Sólbein palette ideas and a GIVEAWAY

Sólbein palette ideas and a GIVEAWAY

I had the good fortune of being at Tolt this weekend, where I got to spend some time at the Istex Léttlopi wall along with Andrea Rangel, picking out possible color pairings for Sólbein and the Steekalong. (That sounds like a band name!) As I mentioned in the announcement, Mary Jane designed this cardigan to be knitted in tonal shades of a single color (light, medium and dark), and lopi comes in lots of great colors, but pairing them up is not so easy a thing to do if you’re ordering online. So I hope you’ll find these suggestions helpful. (Thanks so much for my friends at Tolt for letting me do this in the middle of their anniversary madhouse!) These are, of course, on top of the two colorways already pictured in the pattern, both of which are gorgeous.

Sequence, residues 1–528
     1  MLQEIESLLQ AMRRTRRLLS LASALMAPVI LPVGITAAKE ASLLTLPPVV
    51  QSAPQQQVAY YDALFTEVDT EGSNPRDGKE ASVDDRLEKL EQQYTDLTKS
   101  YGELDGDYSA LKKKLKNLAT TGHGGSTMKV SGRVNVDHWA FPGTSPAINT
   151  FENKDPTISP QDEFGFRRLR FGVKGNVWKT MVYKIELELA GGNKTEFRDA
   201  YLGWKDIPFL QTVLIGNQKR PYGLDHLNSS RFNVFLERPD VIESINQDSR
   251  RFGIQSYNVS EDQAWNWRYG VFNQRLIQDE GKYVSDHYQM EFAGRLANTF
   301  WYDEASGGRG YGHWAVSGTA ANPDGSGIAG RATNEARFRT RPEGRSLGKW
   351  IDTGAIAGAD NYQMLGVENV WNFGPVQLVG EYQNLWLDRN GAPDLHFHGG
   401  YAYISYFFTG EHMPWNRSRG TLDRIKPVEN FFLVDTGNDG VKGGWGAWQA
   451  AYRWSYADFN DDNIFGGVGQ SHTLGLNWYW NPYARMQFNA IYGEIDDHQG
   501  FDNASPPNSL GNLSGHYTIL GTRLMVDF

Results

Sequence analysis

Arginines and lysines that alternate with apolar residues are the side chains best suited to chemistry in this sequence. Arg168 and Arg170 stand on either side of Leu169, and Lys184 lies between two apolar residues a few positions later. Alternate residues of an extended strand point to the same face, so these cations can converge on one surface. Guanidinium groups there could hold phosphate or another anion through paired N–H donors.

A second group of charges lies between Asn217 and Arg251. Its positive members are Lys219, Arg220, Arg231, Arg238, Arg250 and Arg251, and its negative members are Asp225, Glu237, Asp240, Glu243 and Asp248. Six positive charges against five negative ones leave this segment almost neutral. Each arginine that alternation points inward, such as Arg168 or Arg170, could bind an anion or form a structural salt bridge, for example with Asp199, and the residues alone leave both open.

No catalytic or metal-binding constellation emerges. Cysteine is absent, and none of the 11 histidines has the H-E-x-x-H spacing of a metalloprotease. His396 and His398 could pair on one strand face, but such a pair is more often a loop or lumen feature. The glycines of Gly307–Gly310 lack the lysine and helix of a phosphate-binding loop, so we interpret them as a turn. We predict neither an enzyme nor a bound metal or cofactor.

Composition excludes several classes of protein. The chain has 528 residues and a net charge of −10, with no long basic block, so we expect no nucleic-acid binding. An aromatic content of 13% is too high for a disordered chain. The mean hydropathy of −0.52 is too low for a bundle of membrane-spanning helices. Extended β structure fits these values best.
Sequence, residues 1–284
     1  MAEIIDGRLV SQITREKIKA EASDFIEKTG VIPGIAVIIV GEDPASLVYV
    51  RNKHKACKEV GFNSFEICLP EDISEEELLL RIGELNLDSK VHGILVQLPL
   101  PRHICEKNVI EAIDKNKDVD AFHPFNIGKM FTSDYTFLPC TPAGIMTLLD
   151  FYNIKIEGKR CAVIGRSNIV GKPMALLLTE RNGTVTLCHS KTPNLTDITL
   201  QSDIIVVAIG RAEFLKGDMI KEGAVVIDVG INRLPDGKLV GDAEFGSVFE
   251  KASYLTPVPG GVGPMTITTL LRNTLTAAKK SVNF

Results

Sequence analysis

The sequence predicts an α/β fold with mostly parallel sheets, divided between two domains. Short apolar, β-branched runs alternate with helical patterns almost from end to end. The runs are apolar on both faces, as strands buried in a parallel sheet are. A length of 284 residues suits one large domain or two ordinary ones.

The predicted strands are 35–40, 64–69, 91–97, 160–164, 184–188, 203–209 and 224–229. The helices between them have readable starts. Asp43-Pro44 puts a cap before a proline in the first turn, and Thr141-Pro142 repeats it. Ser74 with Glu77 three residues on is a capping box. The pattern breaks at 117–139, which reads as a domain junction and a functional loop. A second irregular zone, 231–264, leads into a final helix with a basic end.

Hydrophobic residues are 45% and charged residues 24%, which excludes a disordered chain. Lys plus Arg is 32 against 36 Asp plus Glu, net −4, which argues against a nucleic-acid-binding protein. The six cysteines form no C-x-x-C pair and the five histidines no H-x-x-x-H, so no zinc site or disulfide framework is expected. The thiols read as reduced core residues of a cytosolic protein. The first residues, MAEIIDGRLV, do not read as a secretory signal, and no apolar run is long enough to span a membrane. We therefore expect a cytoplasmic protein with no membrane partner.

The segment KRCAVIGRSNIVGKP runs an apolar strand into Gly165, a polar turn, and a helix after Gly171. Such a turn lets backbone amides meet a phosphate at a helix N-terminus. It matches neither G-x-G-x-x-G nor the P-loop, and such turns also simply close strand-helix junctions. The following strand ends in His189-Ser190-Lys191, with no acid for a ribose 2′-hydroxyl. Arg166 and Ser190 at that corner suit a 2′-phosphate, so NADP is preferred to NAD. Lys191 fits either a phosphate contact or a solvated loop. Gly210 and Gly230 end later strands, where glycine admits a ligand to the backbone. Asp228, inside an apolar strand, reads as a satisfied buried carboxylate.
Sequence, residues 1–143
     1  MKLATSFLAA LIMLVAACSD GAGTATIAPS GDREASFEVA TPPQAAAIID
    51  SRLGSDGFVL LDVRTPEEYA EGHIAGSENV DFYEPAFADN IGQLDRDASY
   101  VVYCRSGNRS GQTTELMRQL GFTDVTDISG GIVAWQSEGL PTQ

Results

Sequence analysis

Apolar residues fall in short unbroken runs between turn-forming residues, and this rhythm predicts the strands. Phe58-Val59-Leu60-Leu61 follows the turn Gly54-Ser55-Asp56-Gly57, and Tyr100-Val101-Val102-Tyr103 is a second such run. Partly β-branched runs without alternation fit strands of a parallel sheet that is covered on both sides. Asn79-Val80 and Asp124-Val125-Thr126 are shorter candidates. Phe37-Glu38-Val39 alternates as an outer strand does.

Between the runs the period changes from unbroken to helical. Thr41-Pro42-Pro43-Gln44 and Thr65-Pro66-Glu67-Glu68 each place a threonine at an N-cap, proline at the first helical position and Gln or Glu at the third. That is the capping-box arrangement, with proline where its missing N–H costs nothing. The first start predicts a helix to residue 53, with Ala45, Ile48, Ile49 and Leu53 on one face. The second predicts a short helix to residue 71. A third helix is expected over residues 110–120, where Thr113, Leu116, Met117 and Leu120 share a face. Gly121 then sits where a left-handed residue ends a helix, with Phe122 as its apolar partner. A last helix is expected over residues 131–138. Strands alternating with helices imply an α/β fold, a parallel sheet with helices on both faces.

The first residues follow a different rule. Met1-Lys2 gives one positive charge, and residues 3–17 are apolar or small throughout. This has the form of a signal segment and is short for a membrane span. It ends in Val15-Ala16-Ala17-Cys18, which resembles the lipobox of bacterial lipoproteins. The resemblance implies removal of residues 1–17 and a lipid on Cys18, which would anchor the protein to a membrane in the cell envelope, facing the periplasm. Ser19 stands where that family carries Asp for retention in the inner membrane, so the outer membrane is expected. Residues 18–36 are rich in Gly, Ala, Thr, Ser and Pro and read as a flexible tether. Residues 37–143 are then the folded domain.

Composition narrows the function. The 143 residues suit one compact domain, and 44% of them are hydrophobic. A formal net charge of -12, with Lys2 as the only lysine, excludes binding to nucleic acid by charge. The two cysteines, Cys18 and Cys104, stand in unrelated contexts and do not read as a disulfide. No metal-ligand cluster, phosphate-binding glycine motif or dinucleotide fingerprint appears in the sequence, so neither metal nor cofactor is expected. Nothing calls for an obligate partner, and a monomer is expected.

Some of the combos above are perfectly tonal (such as the pumpkin pie and chocolate combos, 2 and 3); others rely on a pale grey for the lightest shade where no pale version of the color in question exists, and you could also use the (off) white the same way, as we did for the purple combo, 7. Combos 9 and 11 represent the idea of a light/dark neutral motif on a colored field, which would be a different look but possibly quite pleasing.

PLEASE NOTE that I have not actually swatched these so I can’t vouch for how they would hold up — I definitely recommend buying a ball of each and swatching to see — but I think these are all fairly safe bets.

I’m using the Istex color designations here, which are numbers. Sometimes you also see them with name names, but the official color numbers seem like the safest way to label them here since that’s what’s on the ball band: